fl. 1661-81 (JAN JANSSON'S HEIRS)
Van Waesbergen, established as a bookseller in Amsterdam, acquired by inheritance from his father-in-law Jan Jansson many of Jansson's plates including those of the Atlas Minor, the Civitates Orbis Terrarum and the Atlas of the Antique World. These works were republished by him, or after his death in 1681 by his son, also named Johannes. For a time he was associated with Moses Pitt in the abortive attempt in 1680-81 to publish an English version of the major atlases by Blaeu and Jansson.
Engelsk kartritare vid mitten av 1800-talet. Enligt hans egna upplysningar på kartorna var han medlem av Royal Geographical Society. Inga övriga upplysningar hittade.
Son of Gerard de Jode.Engraver and publisher, scholar.
World 1589Gallia occidentalis 15924 continents ca 1595Speculum Orbis Terrarum 1593Belgium ca 1598
Gulddistriktet Klondike - ca 1897.
Fågelbär, Prunus avium - Lindman, C. A. M, Bilder ur Nordens Flora 1917-26.
In 1680 was given special endorsement from the Dutch state to print and publish sea charts and sailing instructions. The van Keulen family's best-known work is Nieuwe Groote Ligtende Zee-Fakkel a world atlas in five volumes, published by Johannes's son Gerard and subsequently by Gerard's children and grandchildren.As we have noted in other biographies in this chapter, the Dutch produced a remarkable number of enterprising and prolific map and chart makers but not even the Blaeu and Jansson establishments could rival the vigour of the van Keulen family whose business was founded in 1680 and continued under their name until 1823 and in other names until 1885 when it was finally wound up and the stock dispersed at auction. Throughout the history of the family, the widows of several of the van Keulens played a major part, after their husbands' deaths, in maintaining the continuity of the business.The firm was founded by Johannes van Keulen who was registered as a bookseller in Amsterdam in 1678. In 1680 he published the first part of his Zee Atlas which, over the years, was expanded to 5 volumes and continued in one form or another until 1734. More ambitious and with a far longer and more complicated life was his book of sea charts, the Zee-Fakkel, published in 1681-82 which was still being printed round the year 1800. A major influence in the development of the firm was the acquisition in 1693 of the stock of a rival map publisher, Hendrik Doncker.Although the firm was founded by Johannes van Keulen, he was primarily a publisher; it was his son, Gerard, a talented engraver, mathematician, Hydrographer to the East India Company, who became the mainspring of the business which not only published charts but also books on every aspect of geography, navigation and nautical matters.Gerard Hulst van Keulen was a member of the distinguished van Keulen family, which was amongst the most prolific and highly respected families of Dutch cartographers active between about 1680 and 1822. While the family was renowned for its sea-charts and associated material, Gerard's arrival in the family business in 1757, along with his brother Cornelis Buys, heralded a change in direction. More books appeared and there was greater diversification in the cartographic side of the business.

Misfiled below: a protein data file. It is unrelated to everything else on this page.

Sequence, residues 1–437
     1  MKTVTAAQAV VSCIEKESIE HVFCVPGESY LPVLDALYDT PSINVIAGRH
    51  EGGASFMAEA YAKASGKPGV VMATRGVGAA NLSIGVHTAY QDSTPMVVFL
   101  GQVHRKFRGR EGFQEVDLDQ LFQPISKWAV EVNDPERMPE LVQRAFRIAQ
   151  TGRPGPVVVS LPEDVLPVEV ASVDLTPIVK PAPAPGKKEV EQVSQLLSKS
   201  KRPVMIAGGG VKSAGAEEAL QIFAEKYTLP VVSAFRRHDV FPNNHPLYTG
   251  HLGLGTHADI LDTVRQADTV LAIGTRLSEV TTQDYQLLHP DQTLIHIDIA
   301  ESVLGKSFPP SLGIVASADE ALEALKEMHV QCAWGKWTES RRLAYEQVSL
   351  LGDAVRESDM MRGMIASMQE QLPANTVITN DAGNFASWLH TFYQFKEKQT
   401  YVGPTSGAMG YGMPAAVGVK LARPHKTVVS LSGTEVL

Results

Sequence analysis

(Sveriges sjökartor – A. Hedin.)